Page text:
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Globe wins Emmy Award for Talking to the Taliban Add to ...

The Globe and Mail's acclaimed Talking to the Taliban series took home another honour Monday night, earning an Emmy award at a New York ceremony.

At the 30th-annual News and Documentary Emmys, held one day after the main-stream event, the Globe multimedia series was named the winner in the New Approaches to News and Documentary category.

"Winning an Emmy is not only a new honour for the Globe, and one that speaks to our emerging role as a multimedia organization, it speaks to the world-class journalism that everyone at the Globe aspires to," Globe and Mail editor-in-chief John Stackhouse said. "I hope it also reminds Canadians of the need for the most basic form of journalism - the on-the-ground interview - when we're trying to understand our role in the world."

The series was built upon individually taped interviews with 42 Taliban foot soldiers, each of whom were asked a set of standardized questions. Long-time Globe and Mail Afghanistan correspondent Graeme Smith equipped a local Afghan researcher with a camera and the lists, and used the responses to build the multimedia series online, as well as the print articles.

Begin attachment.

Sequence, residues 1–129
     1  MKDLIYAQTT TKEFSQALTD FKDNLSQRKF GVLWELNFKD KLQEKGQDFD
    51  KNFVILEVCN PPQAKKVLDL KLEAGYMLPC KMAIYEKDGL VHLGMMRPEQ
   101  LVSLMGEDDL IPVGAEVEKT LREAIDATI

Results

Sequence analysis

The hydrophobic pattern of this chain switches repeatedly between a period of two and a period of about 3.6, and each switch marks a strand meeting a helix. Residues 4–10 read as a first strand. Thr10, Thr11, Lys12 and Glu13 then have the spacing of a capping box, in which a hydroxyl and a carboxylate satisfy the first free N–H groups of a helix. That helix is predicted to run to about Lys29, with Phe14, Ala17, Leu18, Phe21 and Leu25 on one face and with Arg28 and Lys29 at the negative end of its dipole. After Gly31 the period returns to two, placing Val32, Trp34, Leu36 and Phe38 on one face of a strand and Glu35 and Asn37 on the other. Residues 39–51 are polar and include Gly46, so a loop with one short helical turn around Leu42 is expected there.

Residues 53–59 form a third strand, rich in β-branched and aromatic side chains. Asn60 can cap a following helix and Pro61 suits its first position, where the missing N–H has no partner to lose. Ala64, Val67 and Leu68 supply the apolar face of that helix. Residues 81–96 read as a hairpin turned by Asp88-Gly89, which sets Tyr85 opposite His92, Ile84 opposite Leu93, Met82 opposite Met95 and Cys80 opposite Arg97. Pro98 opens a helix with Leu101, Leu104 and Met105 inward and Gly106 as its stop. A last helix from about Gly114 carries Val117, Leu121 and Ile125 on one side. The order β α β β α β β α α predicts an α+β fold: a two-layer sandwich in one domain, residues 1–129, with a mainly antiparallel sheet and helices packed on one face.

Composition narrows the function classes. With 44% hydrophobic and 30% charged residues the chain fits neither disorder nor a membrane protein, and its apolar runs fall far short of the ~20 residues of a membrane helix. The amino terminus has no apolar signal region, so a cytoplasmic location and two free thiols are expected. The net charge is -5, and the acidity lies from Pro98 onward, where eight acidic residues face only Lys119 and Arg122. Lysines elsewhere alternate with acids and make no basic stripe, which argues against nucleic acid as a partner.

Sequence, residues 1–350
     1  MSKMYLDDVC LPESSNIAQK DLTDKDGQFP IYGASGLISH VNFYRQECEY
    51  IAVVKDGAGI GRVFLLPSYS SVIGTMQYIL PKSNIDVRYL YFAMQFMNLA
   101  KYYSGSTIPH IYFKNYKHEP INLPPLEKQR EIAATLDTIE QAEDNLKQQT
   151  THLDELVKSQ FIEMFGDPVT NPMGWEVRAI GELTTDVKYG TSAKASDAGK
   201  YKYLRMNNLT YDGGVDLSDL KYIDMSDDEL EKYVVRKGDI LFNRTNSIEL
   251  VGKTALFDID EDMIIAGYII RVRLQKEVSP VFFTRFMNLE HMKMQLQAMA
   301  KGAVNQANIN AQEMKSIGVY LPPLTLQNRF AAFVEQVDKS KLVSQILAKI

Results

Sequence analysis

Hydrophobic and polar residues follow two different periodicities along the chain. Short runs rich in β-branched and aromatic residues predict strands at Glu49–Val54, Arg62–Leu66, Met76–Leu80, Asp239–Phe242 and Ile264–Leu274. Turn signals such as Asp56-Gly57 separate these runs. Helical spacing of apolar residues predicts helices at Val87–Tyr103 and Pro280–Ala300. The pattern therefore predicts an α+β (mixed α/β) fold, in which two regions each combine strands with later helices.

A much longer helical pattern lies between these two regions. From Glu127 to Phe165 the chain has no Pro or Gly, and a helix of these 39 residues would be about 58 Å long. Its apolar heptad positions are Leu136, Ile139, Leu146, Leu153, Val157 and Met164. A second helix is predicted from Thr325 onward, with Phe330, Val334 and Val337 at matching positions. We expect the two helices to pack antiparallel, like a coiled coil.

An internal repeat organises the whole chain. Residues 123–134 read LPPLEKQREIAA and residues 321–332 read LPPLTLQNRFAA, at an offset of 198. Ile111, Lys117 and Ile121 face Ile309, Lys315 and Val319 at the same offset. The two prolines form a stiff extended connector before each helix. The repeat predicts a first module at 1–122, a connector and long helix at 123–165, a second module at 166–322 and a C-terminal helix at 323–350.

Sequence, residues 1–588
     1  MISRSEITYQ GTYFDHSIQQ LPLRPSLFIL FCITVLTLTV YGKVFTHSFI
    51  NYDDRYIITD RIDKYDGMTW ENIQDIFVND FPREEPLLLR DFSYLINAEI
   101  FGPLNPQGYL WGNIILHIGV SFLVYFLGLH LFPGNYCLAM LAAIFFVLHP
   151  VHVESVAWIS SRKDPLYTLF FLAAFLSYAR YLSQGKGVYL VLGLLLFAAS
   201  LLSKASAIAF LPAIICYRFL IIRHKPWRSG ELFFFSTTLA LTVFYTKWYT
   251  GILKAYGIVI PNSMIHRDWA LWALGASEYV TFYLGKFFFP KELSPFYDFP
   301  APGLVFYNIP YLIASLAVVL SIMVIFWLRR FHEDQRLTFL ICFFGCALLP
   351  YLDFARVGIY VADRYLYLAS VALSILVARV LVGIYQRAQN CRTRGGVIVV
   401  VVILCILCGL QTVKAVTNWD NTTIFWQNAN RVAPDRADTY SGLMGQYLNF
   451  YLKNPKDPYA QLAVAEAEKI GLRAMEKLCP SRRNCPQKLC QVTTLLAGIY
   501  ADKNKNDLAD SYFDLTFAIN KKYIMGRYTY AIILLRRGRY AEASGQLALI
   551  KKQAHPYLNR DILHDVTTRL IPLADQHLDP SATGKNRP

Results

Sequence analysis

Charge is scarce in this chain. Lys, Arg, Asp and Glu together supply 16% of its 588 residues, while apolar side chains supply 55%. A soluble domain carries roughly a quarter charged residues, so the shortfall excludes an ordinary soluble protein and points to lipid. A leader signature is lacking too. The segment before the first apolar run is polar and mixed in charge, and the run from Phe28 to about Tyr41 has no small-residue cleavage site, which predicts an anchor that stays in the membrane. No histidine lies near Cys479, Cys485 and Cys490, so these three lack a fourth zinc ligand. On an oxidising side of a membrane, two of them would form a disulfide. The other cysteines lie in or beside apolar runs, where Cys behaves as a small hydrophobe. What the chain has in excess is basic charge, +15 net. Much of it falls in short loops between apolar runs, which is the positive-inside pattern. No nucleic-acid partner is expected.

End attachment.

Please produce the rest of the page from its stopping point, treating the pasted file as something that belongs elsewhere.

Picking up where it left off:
Talking to the Taliban beat out two projects each from the New York Times and the Washington Post, as well as one from Reuters, for the Emmy.

In his acceptance speech, Mr. Smith told the crowd he was honoured to work in an era where a Canadian newspaper can compete with the best of the world's broadcast news organizations and investigative units.

Talking to the Taliban has also won an Online Journalism Award for best investigative piece by a large website, and a coveted Editor & Publisher "Eppy" online journalism award. It won a National Newspaper Award earlier this year as the country's best multimedia feature. Mr. Smith also took home an NNA for international reporting.

After the Emmy win, Mr. Stackhouse praised the work of staff involved in its development, including the Globe multimedia team led by Jayson Taylor and Christopher Manza; foreign editor Stephen Northfield; and the Afghan journalists who worked with Mr. Smith in developing the series.

"This particular honour is a tribute to an extraordinary team of journalists - anchored of course by our outstanding foreign correspondent Graeme Smith, but not without the essential work of the brave Afghan journalists who carried out the interviews," he said.

Mr. Smith is currently on leave from The Globe and Mail to write a book about Afghanistan.

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